Four Steps to Help Community Members Plan for Summer Vacation
Summertime and the living is easy… With gorgeous weather, a break from school until the end of August and lighter schedules for many, it’s the perfect chance to go to the beach, camping, on cruises and more. Whether you’re road tripping from Baltimore to Ocean City or the Jersey Shore, or hopping a plane across the country, summer vacation offers a breather for everyone.
While fun in the sun and sand might be on your mind, it’s just as important to think about the safety and security of the home you’ll be leaving behind. Whether you live in a high-rise or in a master-planned community, it’s important to know how to prepare your home for your trip.
If you work with a community association management company, you can reach out to your community manager for specific vacation preparation tips. No matter where you live, here are some simple tips to help ensure your home is safe and well maintained while you are off enjoying the summer sun.
1. Keep Up Your Curb Appeal.
If you plan to be gone for more than a few days, make sure you arrange for your lawn to be serviced, your bushes and landscaping to be tended to, and your pool cleaned if necessary. A suddenly untidy front lawn is a sign residents are away. If you are close with your neighbors, ask one of them to park a car in your driveway and bring in your mail or newspapers (if you haven’t suspended these services) so it looks like there is regular activity at your home.
If your pets are staying behind while you travel, consider asking a friend or neighbor to pet sit in your home, rather than boarding them in a kennel. This way, there will be activity in your home as well as less stress on your furry family members. If you don’t know anyone who can care for them, ask your vet for a recommendation or look online; there are websites that connect pet owners with reliable pet sitters and dog walkers.
2. Don’t Make It Obvious No One Is Home.
Don’t let your trip end in the mess of dealing with a break in. In 2014, the FBI recorded about 28,000 burglaries in Maryland. There are those who watch for signs that people aren’t home or will be going on a trip, in order to take advantage of that situation. But it’s easy to make it seem like you’re still at home to the casual observer. Have a landline? Set your voicemail to answer on the second ring, and lower the volume as much as possible. A phone ringing off the hook is a good indication no one is home. Be careful about broadcasting your travel plans on social media such as Facebook or Twitter, regardless of your account privacy settings. That’s a dead giveaway you are out of town and are unable to respond to a crime at your home. Also, if many neighbors are traveling at the same time, residents can contact the local police department and your community manager so extra eyes can be on the neighborhood. Be sure to let your Neighborhood Watch or community’s security team that you will be away and the names of anyone you know will be visiting your home while you are gone, including maintenance professionals and pet sitters.
Don’t pack your car at the curb if possible; use your garage for loading up to reduce the number of people who see you doing so. You should also consider stopping mail and newspaper service while you are gone, so that they don’t pile up. Logon to www.usps.gov to have your mail held and call the circulation desk of your local paper to suspend delivery.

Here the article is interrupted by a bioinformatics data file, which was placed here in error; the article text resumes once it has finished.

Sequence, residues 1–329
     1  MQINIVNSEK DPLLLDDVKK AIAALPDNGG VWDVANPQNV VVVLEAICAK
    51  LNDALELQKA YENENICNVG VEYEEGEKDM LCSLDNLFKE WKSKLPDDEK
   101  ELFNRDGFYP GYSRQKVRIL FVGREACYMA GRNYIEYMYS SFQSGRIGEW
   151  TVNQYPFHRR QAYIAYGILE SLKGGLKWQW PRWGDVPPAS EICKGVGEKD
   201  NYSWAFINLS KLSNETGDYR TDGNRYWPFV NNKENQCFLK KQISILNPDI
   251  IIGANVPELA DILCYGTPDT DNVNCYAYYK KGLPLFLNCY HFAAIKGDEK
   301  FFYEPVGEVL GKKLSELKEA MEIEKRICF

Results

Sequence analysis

2. Lower Your Summer Energy Bills.
Take advantage of your time away to lower your electric bill. You don’t want to leave your home completely dark, because that’s an obvious sign you are away, but you also don’t want lamps and TVs running all of the time. Instead, set your lights and TVs with a timer so that they are on and off at the same times they would be if you were home. Many smart home devices can now be controlled via smartphone app, allowing you to vary lighting and TV use while you are on the road. Leave your blinds slightly open so that the lights are obvious to passers-by.
Keep your air conditioner on but set at a higher temperature (unless you are leaving pets at home). The AC will automatically kick on as temperatures rise, which helps make it appear that someone is home. Lower the temperature of your hot water heater or even turn off the circuit breaker or gas valve to it. On the flips side, bump the temperature of the fridge up by a degree or two if possible. Turn off your automatic ice maker too!
4. Build a Neighborhood Network and Help Each Other.
Having a friend that you can trust on your block or in your building can go a long way toward helping you relax while you are gone. Make sure you leave keys and alarm codes with them, as well as an emergency contact. Ask them to check on your home every so often to make sure everything is in order. If you need to, ask them to put out your trash and retrieve the cans, so they don’t sit outside for days. Return the favor when your neighbors are away, and bring them a gift or token of your appreciation for taking time out of their schedule to give you peace of mind. This way, you build a reliable network, form stronger friendships and know that any time you have to leave town, you don’t have to worry about what’s going on around your home.
Save money and energy, keep intruders away from your property, and bring yourself peace of mind while you’re enjoying your time away from home by following these simple tips.